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Comments

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Best Solutions For Massive Home Hard Drive Storage?

rcolbert This was my Holy Grail - about two years ago (609 comments)

This thread has lots of good suggestions for storage. I have a distant business relationship with Drobo, and think they're an interesting choice. I have a Windows Home Server as well, and find it to be a step-up from my previous Buffalo Terastation NAS box from a reliability and performance standpoint. I happen to also have a full-size tower and appreciate the simplicity of throwing lots of hard drives at the problem.

However, as formats switched from DVD to Blu-Ray and equivalent HD content, the economics shifted IMO as well. Given the both my Sony TV's, as well as both Tivo's can stream on-demand HD directly (Sony does it without annoying buffering by the way), and considering that I only rarely watch a movie more than once or twice, it's actually become more economically feasible to simply rent HD on demand for $4.99 a shot. There are still going to be a few Blu-Ray discs worth buying to own the content, and more than half of those seem to ship with a free digital copy for import into Window Media Player or iTunes. Even if you own all your HD content on disc now, it's probably worth your while to look into a hybrid model where you rent what you have a passing interest in, and buy/store those few things that either aren't available on demand, or that you have a more long-term interest in retaining.

Oh, and for the porn, a 2TB drive in a large tower should be more than sufficient. Windows 7 and Bit-locker full drive encryption doesn't impede HD playback on a reasonably speedy system. Although it is debatable whether or not 1080p is actually a good thing in some cases. Anyone want to go into business with me creating a unique line of porn-star body make-up to deal with pimples, waxing irritation, and razor-burn?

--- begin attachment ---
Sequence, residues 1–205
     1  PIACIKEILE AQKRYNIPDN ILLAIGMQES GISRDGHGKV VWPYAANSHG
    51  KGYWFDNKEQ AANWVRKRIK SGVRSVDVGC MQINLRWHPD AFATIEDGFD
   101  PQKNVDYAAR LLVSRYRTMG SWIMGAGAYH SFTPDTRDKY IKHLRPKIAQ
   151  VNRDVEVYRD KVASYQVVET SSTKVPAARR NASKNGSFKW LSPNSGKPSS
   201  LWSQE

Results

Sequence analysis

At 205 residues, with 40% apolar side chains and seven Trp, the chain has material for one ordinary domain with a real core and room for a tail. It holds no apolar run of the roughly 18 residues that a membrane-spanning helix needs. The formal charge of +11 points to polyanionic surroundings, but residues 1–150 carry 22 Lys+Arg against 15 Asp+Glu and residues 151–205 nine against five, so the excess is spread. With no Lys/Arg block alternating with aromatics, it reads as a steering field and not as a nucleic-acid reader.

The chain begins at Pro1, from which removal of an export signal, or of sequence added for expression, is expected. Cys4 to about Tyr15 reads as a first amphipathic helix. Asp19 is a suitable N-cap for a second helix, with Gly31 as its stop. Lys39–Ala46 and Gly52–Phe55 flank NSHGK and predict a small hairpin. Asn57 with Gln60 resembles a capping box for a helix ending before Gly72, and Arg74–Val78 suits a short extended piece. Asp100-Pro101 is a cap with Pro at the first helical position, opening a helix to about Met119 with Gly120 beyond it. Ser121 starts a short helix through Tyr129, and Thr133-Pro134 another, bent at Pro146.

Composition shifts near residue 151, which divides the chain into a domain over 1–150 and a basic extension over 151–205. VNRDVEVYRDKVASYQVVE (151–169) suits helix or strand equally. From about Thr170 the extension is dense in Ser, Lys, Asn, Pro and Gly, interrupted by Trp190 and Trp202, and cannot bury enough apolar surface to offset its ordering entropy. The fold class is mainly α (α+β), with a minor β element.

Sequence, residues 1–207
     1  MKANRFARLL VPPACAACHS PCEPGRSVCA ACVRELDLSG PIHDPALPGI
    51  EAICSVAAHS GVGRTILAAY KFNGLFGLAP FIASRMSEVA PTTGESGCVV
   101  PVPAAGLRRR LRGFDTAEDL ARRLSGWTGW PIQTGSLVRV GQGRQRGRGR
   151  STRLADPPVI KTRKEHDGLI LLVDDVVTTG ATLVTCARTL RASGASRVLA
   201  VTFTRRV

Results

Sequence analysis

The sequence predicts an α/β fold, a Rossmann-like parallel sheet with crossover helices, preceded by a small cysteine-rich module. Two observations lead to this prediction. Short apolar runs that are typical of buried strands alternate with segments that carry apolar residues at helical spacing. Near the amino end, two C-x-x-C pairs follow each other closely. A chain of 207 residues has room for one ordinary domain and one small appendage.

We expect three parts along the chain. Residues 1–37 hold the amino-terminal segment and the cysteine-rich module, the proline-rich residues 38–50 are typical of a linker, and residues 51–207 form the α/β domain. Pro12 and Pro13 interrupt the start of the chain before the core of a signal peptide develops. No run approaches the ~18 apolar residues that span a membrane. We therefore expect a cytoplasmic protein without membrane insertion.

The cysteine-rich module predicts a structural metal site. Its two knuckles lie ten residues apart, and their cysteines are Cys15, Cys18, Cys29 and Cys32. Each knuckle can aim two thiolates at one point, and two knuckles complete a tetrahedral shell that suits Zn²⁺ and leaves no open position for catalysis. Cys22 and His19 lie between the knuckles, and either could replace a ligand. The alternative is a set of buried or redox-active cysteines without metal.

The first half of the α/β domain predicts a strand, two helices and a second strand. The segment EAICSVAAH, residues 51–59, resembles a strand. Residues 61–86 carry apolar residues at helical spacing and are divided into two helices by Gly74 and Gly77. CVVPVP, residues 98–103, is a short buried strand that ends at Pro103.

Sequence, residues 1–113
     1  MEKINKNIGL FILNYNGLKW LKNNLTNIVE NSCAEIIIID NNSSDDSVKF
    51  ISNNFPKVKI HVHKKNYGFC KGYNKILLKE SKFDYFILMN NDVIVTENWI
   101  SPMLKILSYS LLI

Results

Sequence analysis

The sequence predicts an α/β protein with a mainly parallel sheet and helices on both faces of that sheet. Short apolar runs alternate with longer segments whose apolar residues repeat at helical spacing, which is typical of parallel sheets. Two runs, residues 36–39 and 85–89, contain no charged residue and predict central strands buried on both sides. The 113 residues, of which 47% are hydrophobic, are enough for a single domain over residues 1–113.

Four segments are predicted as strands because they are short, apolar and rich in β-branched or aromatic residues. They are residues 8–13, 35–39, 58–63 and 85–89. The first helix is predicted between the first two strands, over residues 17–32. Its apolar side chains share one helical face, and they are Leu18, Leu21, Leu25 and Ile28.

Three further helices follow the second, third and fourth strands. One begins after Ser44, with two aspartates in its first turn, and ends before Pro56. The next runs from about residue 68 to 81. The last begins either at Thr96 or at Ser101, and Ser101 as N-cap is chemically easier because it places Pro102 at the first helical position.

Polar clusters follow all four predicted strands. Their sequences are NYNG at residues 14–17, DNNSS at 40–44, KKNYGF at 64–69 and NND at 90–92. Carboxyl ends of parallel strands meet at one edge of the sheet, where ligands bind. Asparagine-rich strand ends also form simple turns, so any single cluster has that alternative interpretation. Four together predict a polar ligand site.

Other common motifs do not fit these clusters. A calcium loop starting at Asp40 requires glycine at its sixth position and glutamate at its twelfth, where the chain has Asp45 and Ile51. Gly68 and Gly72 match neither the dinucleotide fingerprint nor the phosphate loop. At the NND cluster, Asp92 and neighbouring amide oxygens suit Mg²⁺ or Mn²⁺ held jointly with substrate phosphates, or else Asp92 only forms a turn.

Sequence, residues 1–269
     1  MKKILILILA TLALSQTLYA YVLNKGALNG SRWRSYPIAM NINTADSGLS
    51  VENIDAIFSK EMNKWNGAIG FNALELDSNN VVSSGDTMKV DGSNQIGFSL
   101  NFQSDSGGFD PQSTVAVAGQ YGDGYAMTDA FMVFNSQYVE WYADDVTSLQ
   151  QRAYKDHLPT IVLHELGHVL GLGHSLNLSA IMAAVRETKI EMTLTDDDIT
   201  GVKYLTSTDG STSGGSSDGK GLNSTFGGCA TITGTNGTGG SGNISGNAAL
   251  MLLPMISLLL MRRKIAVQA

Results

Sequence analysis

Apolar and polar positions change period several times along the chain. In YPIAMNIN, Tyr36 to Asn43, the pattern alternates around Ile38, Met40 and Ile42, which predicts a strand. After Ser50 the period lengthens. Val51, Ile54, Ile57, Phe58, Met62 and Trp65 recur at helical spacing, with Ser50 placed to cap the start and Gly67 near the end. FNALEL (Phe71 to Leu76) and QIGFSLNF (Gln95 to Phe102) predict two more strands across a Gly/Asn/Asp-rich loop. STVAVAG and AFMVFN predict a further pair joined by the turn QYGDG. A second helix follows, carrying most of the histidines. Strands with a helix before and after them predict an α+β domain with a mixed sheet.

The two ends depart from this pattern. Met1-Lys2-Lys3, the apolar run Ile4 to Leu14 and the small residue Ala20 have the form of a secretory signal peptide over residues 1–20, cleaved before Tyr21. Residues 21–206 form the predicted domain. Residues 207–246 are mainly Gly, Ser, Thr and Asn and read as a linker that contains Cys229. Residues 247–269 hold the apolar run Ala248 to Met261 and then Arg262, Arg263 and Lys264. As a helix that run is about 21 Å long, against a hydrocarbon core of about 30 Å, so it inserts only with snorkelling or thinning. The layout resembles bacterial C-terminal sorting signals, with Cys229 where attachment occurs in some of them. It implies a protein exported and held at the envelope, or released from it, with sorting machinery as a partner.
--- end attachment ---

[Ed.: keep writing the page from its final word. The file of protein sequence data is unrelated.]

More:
more than 4 years ago
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Fingerprint Requirement For a Work-Study Job?

rcolbert Concerns = big waste of time (578 comments)

Of all the things in the world to worry about, a fingerprint reading timeclock is very close to the bottom of the list. Your fingerprints are not stored, nor are they uploaded to some evil master government database. You fingerprints are not DNA. They can't be used to predict if you'll get colon cancer by age 50. Quite frankly, they're not even private. You leave them all over the place every single day. I don't think this rises to the level of concern of someone taking a picture of you and putting it on an ID card. And we all know about how much evil has been done with misappropriated badge ID photos.

more than 4 years ago
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Which Linux For Non-Techie Windows Users?

rcolbert A few suggestions (766 comments)

First off, I don't have any skin in the game and don't care which OS you select. There are a number of fine choices. Of course, the topic itself invites a lot of trash-talk, but I would say most of it without proper context. I'm not hearing a whole lot about why one solution is better given that it will be run by non-technical people, and yet supported by you.

In an effort to be constructive, here's what I suggest. Assuming you run Windows now, if you don't already have a copy, download (for trial at least - but I think a purchase would be money well spent) a copy of VMware Workstation. Then you can install and compare a number of different Linux distros from the comfort of your own PC. I will also be good to have a reference version of the OS you choose installed and available to you if you'll be supporting folks who run it. I'd stick with mainstream distros purely from a pragmatic standpoint and a belief that popular distros like Ubuntu and OpenSUSE will continue to get a lot of care and attention. The top 3 or 4 distros are usually on most vendors hardware or software compatibility lists.

If it's not about cost, then Windows 7 is still an option you should keep on the table. Look and feel only speak to 'where is the calculator icon' type of questions. Where I find most non-technical people struggling is lacking in concepts and therefore lacking in context. The basic ideas behind Windows remain unchanged.